Some may not be surprised that the research shows that men are more keen to get into the sack, with one in four Aussie males open to sex within the first week of dating someone new, compared to only one in 10 females who said the same.
Generally speaking Australian women, 25 per cent to be exact, prefer to wait at least a month or more before getting between the sheets.
According to the research findings Australians tend to get physical fast in the early days of dating, with one in four sharing a kiss on the first date
THE HONEYMOON PHASE
Unfortunately Australians have differing opinions on what leads a couple to becoming monogamous, which is why this stage of a relationship can often leave people confused.
One in three believe you need to have 'the talk' or 'ask' in order to become exclusive and another third said that they rely on 'gut feeling' alone.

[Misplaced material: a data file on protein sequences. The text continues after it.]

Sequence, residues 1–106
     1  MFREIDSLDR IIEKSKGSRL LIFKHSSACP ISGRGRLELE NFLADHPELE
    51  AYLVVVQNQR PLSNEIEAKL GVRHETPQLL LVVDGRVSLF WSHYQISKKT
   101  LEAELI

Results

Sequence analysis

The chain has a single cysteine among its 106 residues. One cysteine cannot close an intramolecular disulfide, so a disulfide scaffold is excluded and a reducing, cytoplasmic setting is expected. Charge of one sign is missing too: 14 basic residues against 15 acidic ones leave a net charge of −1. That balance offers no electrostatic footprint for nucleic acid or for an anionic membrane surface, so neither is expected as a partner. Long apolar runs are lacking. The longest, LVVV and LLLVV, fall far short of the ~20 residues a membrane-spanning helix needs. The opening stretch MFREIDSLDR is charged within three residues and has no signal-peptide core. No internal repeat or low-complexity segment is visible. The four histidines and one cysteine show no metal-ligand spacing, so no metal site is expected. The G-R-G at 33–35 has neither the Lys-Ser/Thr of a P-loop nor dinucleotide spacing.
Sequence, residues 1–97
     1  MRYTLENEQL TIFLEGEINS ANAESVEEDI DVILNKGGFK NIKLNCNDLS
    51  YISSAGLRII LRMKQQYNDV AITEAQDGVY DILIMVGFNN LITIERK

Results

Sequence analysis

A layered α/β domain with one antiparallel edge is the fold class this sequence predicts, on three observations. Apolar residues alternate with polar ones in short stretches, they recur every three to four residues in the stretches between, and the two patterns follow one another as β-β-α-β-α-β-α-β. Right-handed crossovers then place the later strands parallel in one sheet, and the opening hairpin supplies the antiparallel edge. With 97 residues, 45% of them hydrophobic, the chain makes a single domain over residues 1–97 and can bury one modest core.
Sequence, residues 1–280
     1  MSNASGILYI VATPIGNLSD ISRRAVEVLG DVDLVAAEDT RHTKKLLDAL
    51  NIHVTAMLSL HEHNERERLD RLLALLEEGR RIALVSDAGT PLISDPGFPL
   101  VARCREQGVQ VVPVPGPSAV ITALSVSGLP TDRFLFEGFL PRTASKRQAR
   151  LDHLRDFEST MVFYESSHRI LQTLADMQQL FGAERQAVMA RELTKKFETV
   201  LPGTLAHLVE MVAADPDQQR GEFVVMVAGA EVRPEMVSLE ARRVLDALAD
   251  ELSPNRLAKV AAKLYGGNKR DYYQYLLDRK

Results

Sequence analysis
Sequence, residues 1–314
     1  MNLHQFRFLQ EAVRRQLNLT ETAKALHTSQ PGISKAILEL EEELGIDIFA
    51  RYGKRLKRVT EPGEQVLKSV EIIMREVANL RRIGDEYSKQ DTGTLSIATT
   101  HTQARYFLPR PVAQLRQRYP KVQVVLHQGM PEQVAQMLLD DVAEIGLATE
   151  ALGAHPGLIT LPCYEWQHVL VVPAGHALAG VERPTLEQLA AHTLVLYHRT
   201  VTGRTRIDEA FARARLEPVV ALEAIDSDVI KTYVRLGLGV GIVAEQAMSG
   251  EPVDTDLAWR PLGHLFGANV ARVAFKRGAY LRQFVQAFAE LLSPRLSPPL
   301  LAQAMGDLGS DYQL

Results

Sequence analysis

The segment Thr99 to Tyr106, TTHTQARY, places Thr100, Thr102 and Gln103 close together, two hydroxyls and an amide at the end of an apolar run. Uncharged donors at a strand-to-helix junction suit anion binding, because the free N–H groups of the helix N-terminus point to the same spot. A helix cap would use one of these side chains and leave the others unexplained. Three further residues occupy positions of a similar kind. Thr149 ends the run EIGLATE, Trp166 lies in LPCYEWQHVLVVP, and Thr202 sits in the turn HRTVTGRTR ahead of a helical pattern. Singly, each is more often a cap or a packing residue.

Although Aussies are willing to commit to their partners, on average it takes people three months to deactivate their online dating profiles.
Surprisingly men are more likely to do so than women, with 28 per cent of men deactivating their account three weeks after meeting their partner, compared to 17 percent of women.
These days one of the main ways couples share their new romance is by sharing a photo online, which 29 per cent do after four months.
The average person only waits six months before farting in front of their partner, which is only a month longer than people wait to keep a toothbrush at their lovers house
THE INTIMACY PHASE